We will pass over the two long years in which Toby Skillet sought Delia Smith's private address and finally bought it from an embittered ex-research assistant on the Delia Smith programme. Suffice it to say that after many days' hard travelling from the Lake District, home of the mighty rum butter empire, Toby Skillet arrived in East Anglia with Delia Smith's address still scribbled on his shirt cuff.
He stayed overnight in Stowmarket, sleeping in the precious shirt for fear of losing the priceless address and the next day he set out on the last stage. After several hours of getting lost in the countryside (he was used to the Lake District, where roads are strictly rationed out in a meagre way instead of being lavished on a countryside which didn't seem to need all those little lanes) he finally came to the right village and was directed to the right house by a friendly villager. He turned a corner and ...
Good Heavens Above! What was this? A line of people stretched back from Delia Smith's front door, right through the garden and into the road. There must have been fifty of these people. They were stationary, motionless, unmoving. Yes, and immobile, too. Toby Skillet went and stood behind the last one and said in his ear: "What is this queue for? What are they all waiting for?"
"We have all come to see Delia Smith," said the man mournfully.
"What for?" said Toby Skillet, jovially. "Crave entrance to her kitchen? Get her autograph? Sign your books? Seek advice on mayonnaise that keeps curdling or pastry that won't flake properly? See if she's got any left- over cranberries she doesn't need
"No," said the man, even more mournfully. "We have come to persuade her to adopt our particular foodstuff as the fashionable ingredient of next year."
Toby Skillet fell silent. It had never occurred to him that anyone else would have the same idea as he had had.
"Take me," said the man. "I have come on behalf of pineapple rings. I do not believe that Delia Smith will ever bless pineapple rings. I told them all at Pineapple Ring House - do not send me, for she will not bless pineapple rings. But they would not listen. They said - it is worth trying. And so I have been waiting here for three days."
"I have come on behalf of sesame seeds," said the man in front of him. "I think Delia quite likes sesame seeds. She has once or twice mentioned them in recipes. But not enough to lift the sesame seed trade from the doldrums."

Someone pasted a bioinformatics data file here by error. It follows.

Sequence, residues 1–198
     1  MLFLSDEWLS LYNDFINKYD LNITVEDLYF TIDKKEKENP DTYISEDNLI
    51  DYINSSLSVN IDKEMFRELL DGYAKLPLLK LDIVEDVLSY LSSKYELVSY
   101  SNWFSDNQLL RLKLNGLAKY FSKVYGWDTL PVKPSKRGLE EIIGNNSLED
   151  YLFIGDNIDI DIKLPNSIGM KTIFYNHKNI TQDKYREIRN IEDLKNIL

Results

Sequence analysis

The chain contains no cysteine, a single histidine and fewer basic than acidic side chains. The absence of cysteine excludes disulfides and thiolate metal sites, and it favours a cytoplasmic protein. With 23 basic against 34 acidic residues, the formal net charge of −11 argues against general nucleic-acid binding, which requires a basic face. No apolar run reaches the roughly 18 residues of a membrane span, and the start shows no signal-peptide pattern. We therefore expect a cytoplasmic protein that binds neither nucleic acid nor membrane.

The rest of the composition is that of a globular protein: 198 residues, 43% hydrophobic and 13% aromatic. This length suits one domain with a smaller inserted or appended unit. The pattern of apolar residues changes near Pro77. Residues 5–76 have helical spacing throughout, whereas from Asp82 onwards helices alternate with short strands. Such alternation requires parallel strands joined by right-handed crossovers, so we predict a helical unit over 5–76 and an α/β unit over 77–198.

"I have come on behalf of crystallised angelica," said another man, "and quite frankly, I do not care whether Delia Smith plugs crystallised angelica or not, because in three days' time I retire from the job because I am over sixty, and after that, bugger crystallised angelica."
Just at that moment a man emerged from Delia Smith's house and addressed the waiting hordes through a megaphone.
"Thank you all very much for coming to see Delia," he intoned. "She will see as many of you as possible today, but right now she is finishing a test cooking of guava fruit crumble."
As he finished, a man halfway along the queue sprang out on to the lawn and did half a dozen handsprings, then ran screaming out of the garden.
"Has he gone mad?" inquired Toby.
"No," said one of his new friends. "That's the man from Guava Fruit Towers. He has gone back to London to claim success. He's home and dry, now."
Toby Skillet began to realise the enormity of his task. He had thought that finding Delia Smith's house would be the hard bit. He now saw that the hard bit was only just beginning. Little could he foretell that in the months to come he would meet and fall in love with the woman from Pickled Walnut World, who had come to convert Delia to pickled walnuts, that he would invent a recipe for bread and rum butter pudding, the secret of which Delia herself would beseech him to reveal, that he would open a small restaurant which Craig Brown himself would bless with his presence, though not with a good review ...
The sex 'n' cookery novel `Delia's Just Desserts' will soon be in good bookshops everywhere.Reuse content